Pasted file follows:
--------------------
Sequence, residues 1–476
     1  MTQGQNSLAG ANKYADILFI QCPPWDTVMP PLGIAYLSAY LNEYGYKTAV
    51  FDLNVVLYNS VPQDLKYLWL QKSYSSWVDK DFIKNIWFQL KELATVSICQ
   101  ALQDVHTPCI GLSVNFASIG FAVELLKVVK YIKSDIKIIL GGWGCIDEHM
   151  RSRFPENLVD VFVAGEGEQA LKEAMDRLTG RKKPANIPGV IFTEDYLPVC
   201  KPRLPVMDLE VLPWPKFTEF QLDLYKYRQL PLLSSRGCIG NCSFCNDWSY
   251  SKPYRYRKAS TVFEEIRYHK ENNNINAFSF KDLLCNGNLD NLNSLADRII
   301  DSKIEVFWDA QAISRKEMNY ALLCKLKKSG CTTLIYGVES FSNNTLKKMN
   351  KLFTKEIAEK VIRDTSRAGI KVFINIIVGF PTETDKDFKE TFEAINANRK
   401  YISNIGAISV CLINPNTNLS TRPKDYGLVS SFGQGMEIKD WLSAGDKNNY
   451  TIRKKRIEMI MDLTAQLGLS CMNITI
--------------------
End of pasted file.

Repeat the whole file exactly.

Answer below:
Sequence, residues 1–476
     1  MTQGQNSLAG ANKYADILFI QCPPWDTVMP PLGIAYLSAY LNEYGYKTAV
    51  FDLNVVLYNS VPQDLKYLWL QKSYSSWVDK DFIKNIWFQL KELATVSICQ
   101  ALQDVHTPCI GLSVNFASIG FAVELLKVVK YIKSDIKIIL GGWGCIDEHM
   151  RSRFPENLVD VFVAGEGEQA LKEAMDRLTG RKKPANIPGV IFTEDYLPVC
   201  KPRLPVMDLE VLPWPKFTEF QLDLYKYRQL PLLSSRGCIG NCSFCNDWSY
   251  SKPYRYRKAS TVFEEIRYHK ENNNINAFSF KDLLCNGNLD NLNSLADRII
   301  DSKIEVFWDA QAISRKEMNY ALLCKLKKSG CTTLIYGVES FSNNTLKKMN
   351  KLFTKEIAEK VIRDTSRAGI KVFINIIVGF PTETDKDFKE TFEAINANRK
   401  YISNIGAISV CLINPNTNLS TRPKDYGLVS SFGQGMEIKD WLSAGDKNNY
   451  TIRKKRIEMI MDLTAQLGLS CMNITI